Finally, a few words about the origin and the subsequent evolution in reflex hammer will not be out of place [Figure 1], [Figure 2], [Figure 3], [Figure 4], [Figure 5], [Figure 6], [Figure 7]. As has already been mentioned, both Erb and Westphal used their fingers to tap the ligamentum patellae to elicit the knee jerk, and though Max Wintrich designed the first percussion hammer in 1841, the palm goes to John Madison Taylor for devising the first reflex hammer in 1888, 13 years after the description by Erb and Westphal.[3],[4],[5],[9] This consisted of a triangular rubber head, and when this invention was exhibited in the 1988 meeting of the Philadelphia Neurological Society, the minutes read, “… a cone flattened on the opposite side, with apex and base carefully bevelled or rounded, of about the thickness throughout of the human index finger.… The special feature of this hammer is that the shape of the striking surface is like the outer surface of the extended hand, palm downward, which is more often used in obtaining tendon jerk.[4],[5] William Christopher Krauss (1863–1909) devised a model which had two rounded pieces, a large piece for the knee jerk and one small for the biceps jerk, which were attached to a metal and a rubber handle. This was presented before the annual meeting of the American Academy of Neurology in 1894.[4],[5],[38],[39] Ernst LO Tromner (1868–1930) from Germany designed one variety where the handle was made of metal, tapering into a thin end, which could be utilised for testing cutaneous reflexes.[5],[5],[38],[39] Other hammers of different designs include the Queen Square Hammer, designed at the National Hospital for Nervous Diseases, where the handle was made of plastic and a round black head was mounted on it; the Babinski hammer, devised by Joseph Babinski (1857–1932) in 1912, which looks like the Queen Square hammer, the handle being made of steel; the Buck hammer, looking like the Babinski hammer with the addition of a built-in brush for testing cutaneous sensation; Berliner hammer, where the rubber was attached to the handle at a right angle looking like a throwing axe; and the Stookey hammer, which was collapsible and accompanied by two sharp pins for testing pain and two point discrimination, a camel hair brush for testing touch sensation, and a sufficiently rough structure to test the plantar response.[39]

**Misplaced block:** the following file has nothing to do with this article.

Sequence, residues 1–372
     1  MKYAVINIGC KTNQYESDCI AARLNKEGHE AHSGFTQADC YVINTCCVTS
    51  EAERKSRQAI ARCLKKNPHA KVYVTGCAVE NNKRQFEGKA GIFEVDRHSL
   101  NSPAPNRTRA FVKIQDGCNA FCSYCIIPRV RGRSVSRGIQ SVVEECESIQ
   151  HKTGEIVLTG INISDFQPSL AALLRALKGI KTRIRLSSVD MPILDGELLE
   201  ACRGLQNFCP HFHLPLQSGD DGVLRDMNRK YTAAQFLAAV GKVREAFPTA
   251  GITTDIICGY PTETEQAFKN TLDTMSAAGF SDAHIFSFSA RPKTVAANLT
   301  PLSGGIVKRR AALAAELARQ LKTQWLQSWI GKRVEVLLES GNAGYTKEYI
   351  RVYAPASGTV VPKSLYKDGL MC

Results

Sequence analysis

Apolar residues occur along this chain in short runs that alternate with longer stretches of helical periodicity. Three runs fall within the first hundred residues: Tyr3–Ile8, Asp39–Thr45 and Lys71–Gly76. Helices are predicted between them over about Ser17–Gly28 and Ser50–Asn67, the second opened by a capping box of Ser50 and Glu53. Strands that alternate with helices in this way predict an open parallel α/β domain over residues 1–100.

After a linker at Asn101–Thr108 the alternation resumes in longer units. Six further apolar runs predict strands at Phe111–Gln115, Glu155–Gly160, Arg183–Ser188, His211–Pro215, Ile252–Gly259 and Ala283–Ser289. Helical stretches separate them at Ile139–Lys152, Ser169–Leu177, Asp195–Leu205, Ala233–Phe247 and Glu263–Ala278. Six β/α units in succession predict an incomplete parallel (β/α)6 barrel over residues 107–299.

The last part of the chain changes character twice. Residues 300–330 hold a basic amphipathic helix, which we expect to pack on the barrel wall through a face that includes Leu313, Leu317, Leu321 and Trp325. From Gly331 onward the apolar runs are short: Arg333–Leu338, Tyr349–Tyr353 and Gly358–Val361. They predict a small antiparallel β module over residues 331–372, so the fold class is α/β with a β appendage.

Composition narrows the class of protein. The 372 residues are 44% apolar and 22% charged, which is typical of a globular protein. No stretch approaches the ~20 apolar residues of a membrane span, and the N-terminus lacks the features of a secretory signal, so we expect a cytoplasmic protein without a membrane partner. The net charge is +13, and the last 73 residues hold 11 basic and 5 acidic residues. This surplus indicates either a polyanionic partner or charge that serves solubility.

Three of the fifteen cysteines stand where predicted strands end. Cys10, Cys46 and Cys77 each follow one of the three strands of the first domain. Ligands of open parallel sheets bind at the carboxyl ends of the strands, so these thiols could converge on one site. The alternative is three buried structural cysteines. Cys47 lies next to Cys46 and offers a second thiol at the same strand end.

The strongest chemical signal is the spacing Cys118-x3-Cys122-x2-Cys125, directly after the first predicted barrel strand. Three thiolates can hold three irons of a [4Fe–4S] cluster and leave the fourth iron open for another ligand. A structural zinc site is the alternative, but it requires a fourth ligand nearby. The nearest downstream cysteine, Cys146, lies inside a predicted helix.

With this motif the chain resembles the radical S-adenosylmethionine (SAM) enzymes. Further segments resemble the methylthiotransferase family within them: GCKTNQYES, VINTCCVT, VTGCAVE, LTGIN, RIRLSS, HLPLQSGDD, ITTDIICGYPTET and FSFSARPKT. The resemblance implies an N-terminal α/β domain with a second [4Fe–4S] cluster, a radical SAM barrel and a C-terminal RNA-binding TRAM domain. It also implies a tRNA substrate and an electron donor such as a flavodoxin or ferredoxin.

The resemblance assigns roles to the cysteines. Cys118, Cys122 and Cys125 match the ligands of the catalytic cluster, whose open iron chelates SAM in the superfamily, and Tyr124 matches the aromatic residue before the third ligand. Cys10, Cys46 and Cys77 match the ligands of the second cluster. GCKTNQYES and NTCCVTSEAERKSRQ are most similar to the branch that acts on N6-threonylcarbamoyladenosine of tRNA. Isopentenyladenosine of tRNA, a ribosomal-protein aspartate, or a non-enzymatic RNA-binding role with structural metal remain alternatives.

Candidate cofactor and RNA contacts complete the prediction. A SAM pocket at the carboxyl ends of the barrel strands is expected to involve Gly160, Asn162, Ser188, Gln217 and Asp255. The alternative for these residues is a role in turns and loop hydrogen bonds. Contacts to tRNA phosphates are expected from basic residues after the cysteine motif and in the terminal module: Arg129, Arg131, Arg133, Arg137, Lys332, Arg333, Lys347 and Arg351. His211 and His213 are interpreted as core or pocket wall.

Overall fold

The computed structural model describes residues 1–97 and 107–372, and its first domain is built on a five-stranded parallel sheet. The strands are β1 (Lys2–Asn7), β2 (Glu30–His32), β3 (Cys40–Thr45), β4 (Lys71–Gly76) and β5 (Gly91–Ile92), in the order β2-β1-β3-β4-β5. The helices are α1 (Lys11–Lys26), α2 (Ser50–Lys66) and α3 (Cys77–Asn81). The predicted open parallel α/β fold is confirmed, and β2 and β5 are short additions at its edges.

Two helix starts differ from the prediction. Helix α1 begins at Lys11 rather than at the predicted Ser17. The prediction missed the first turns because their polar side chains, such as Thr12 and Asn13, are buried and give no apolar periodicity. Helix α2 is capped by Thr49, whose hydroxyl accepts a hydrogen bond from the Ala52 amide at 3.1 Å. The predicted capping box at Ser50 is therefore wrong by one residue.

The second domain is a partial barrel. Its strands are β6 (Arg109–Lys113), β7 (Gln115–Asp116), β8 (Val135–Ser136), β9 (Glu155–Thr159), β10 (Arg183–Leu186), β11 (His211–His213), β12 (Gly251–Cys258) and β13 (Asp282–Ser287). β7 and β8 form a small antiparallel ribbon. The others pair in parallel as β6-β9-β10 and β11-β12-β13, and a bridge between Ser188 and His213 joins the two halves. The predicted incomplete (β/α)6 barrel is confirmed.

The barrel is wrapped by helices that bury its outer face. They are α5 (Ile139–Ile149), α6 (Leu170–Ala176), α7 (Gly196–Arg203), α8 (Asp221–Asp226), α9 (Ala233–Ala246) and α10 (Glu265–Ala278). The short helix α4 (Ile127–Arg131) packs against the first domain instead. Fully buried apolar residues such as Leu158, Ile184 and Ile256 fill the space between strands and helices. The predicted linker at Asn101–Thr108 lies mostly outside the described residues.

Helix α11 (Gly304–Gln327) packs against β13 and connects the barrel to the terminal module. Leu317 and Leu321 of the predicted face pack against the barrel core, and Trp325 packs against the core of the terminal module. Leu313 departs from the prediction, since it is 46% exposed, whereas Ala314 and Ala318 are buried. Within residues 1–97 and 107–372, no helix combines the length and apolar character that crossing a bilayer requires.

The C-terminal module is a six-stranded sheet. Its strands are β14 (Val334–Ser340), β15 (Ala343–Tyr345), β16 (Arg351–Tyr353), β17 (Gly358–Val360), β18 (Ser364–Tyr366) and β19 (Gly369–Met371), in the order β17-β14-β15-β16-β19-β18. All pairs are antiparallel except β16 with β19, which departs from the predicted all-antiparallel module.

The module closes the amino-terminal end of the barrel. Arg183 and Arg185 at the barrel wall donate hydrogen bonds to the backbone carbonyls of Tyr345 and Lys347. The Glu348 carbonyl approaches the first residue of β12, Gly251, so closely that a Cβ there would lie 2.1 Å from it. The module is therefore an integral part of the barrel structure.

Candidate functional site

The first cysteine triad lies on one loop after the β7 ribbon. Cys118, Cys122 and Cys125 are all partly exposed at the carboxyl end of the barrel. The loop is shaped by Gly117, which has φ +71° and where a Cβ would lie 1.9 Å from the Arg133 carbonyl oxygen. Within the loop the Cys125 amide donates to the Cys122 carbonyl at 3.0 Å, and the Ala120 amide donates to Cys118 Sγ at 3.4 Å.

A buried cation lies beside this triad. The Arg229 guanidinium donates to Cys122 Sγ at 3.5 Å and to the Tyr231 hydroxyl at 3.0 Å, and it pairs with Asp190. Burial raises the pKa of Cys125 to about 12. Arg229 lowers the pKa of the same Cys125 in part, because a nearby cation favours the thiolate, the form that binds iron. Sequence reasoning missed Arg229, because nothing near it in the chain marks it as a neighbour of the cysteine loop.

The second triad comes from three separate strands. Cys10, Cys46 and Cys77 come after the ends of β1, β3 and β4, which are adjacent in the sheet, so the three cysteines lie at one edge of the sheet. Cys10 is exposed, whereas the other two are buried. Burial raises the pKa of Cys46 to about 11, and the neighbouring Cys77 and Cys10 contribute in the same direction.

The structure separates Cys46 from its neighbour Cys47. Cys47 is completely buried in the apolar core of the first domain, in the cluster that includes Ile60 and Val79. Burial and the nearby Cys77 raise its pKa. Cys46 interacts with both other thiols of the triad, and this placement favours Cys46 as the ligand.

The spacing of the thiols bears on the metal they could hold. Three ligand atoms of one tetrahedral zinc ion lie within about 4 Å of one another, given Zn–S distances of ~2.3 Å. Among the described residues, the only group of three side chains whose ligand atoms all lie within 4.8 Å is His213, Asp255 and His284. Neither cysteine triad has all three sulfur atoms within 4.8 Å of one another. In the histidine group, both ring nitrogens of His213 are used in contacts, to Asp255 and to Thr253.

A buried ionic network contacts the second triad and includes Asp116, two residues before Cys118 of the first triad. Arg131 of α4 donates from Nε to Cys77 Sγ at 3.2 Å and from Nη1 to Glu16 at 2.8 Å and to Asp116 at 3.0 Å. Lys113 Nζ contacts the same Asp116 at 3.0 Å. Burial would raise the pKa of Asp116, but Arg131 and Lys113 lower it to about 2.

Figure 1: Tromner Hammer. Source: www.amazon.com

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Figure 2: Berliner Hammer. Source: www.tigermedical.com

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Figure 3: Krauss Hammer. Source: www.medfininstruments.com

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Figure 4: Babinksi Hammer. Source: www.algeos.com

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Figure 5: Queen Square Hammer. Source: www.medisafe.co.uk

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Figure 6: Stookey Hammer. Source: www.mediworld.uk

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Figure 7: Taylor Hammer. Source: www.primacare.co.uk

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 » Concluding Remarks Top

It is to be noted that Erb and Westphal did not provide the first account of reflex activity in man; that credit goes to René Descartes (1596–1650), of France, who described the menace reflex, also known as Descartes reflex.[40] The independent observation regarding the knee jerk by Erb and Westphal, and their publication in the same issue of a reputed journal by the magnanimous gesture of the latter, one of the editors, is rather serendipitous in nature. This happened at a time when the reflex hammer was nonexistent and clinical neurology was only in its germinal stage. Later, neuroscientists worked on the physiology of the tendon reflex and its aberrations in diseased states to separate it from the ambit of the stretch reflex, while the reflex hammer was conceived as a simple instrument, which could elicit the tendon jerk in a more elegant and precise manner. The hammer itself has undergone many changes in shape, form, weight, and character in more than 100 years in the search for ease and perfection. That is where we stand today, the reflex hammer being the iconic trademark, the ultimate signature of a neuroscientist.

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 » References Top

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  [Figure 1], [Figure 2], [Figure 3], [Figure 4], [Figure 5], [Figure 6], [Figure 7]